Translated by Emma Cattle and Fiona Flores Watson
The attraction for visitors to Lecrín is as much its natural environment as its historical and artistic heritage. Although as a municipality it was only formed in the 1970s, the six populations of which it is comprised - Mondújar, Talará, Béznar, Acequias, Chite and Murchas - have been around for much longer.
In the area of Mondújar, the most interesting feaures from a historical and artistic point of view are the Iglesia de San Juan Bautista and the Termas Romanas. The church dates from the 16th century and inside there is a neoclassical altar and various sculptures including carvings of San Juan Bautista, la Virgen del Rosario and Nuestro Padre Jesús. The Roman thermal baths also located here date from between the late first century B.C. and the early fourth century AD. Be sure to check out the hot baths and the semicircular swimming pool.
In Talará, which was originally a neighbourhood of Mondújar, it is worth visiting the three churches. The Ermita del Santo Cristo and Iglesia de la Purísima Concepción were both built in the 18th century, whilst the Iglesia Parroquial de la Inmaculada Concepción was built in the 16th century. This church has a beautiful Mudejar coffered ceiling.
Béznar is the southernmost area in the municipality and also the lowest. Visitors should be sure to see the reservoir of the same name, beneath whose waters lie the remains of one of the old neighbourhoods. The Iglesia de San Antón, constructed in the 16th century, has an amazing Gothic and Mudejar facade - try and take a look!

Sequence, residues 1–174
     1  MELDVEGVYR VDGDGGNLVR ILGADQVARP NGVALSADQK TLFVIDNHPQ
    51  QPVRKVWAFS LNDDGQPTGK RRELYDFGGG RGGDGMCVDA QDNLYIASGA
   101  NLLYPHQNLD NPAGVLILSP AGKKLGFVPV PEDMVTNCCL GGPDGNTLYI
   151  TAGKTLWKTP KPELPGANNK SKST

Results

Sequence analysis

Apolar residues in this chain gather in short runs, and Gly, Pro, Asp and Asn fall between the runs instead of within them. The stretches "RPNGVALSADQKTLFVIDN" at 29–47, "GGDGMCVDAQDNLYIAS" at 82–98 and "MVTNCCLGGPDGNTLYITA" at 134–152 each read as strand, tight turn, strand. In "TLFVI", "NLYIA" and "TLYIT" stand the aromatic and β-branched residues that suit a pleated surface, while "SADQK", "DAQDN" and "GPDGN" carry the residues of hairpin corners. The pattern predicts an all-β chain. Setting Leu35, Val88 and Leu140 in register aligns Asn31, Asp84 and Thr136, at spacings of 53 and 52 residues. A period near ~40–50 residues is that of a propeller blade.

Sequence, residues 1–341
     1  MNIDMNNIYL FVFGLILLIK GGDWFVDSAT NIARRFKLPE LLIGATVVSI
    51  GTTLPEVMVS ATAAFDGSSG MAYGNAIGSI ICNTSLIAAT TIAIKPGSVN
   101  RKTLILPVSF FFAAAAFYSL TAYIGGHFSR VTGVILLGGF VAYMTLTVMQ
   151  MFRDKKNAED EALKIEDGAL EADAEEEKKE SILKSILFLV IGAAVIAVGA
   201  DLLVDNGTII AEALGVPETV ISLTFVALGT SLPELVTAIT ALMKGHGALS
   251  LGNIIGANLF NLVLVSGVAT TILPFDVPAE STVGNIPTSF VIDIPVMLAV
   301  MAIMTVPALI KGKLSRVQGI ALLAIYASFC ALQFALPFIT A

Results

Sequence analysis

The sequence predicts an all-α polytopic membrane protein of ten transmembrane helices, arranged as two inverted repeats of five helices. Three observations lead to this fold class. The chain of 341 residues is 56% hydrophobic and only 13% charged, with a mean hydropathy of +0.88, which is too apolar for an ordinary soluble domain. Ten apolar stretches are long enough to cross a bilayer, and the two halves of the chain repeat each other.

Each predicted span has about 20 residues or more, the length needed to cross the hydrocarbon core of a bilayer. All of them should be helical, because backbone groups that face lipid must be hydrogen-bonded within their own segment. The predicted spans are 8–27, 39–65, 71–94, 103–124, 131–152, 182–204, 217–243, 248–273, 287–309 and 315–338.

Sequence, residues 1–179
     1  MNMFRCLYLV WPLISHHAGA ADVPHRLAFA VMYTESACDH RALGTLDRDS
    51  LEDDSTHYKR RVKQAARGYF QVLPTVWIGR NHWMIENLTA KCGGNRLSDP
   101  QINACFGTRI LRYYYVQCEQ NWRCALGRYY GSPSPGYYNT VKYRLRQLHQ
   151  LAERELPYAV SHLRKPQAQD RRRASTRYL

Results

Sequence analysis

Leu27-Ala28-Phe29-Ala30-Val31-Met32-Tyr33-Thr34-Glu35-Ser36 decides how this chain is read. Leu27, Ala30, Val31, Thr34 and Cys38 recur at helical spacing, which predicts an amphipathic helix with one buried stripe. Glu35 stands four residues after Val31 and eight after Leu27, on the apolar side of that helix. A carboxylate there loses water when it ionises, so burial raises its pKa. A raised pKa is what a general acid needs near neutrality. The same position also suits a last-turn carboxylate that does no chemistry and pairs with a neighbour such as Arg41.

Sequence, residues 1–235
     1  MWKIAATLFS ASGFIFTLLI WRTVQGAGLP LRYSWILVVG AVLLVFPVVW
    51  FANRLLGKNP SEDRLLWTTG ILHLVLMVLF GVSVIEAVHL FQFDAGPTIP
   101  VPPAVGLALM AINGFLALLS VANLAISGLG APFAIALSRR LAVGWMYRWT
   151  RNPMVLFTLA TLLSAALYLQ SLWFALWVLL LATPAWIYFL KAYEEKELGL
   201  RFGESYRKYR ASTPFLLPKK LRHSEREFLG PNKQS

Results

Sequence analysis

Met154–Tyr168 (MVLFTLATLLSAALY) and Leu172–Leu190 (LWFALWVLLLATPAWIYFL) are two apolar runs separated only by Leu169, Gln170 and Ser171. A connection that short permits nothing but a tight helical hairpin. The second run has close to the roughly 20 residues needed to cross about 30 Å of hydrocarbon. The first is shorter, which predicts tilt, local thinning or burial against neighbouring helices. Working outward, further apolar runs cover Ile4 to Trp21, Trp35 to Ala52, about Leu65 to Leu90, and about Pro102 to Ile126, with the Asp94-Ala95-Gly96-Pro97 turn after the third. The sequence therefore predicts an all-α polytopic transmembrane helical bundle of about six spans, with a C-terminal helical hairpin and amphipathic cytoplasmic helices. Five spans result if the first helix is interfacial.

Between the bed of the río Torrente, el Barranco del Pleito and Cerro Gordo you'll find the highest area in Lecrín: Acequias. This village has an old mill that has now been converted into a museum, and is part of the Molinos del Valle de Lecrín (mills of the Valley of Lecrín) tourist route. Visitors can follow this route in various ways; walking, horse riding or mountain biking. The Iglesia de San Antón, a Renaissance church with one nave was constructed in the mid-16th century, and has a Moorish coffered ceiling and a multicoloured altarpiece.
In Chite, visitors should take a walk through the streets of the Alto and Bajo neighbourhoods, taking in Morisco-style houses and mansions from the 19th century with beautifully kept gardens. Also worth a visit is the Iglesia de la Inmaculada, originally built in the mid-16th century and restored at the beginning of the 17th. Inside, there is a Moorish coffered ceiling and paintings such as one of the Virgin and Christ.
Last of the areas of Lecrin is the village of Murchas, with the Iglesia del Salvador, constructed in the 16th century, and the Acequia de Arcos.
The Lecrinense gastronomy focuses on the locally-grown oranges and lemons, as well as sugar cane, which residents make into traditional sugar cane sweets, using one of the oldest recipes in the area.
Each different area of Lecrín has its own fiestas and traditions. In January, Acequias celebrates the Fiesta de San Antón with religious acts, festivals and fireworks. Similar celebrations take place in Chite in June, when they celebrate the Fiestas de San Segundo. Fiestas in honour of la Virgen de los Desamparados and Santa Lucía are held in January in Murchas. Finally, in Talará, December brings the fiestas in honour of la Inmaculada Concepción and el Cristo de Zapato.
Lecrín is 35km from Granada city. Take the A-44 (direction Armilla-Motril), and leave at exit 160 for the centre of Mondújar.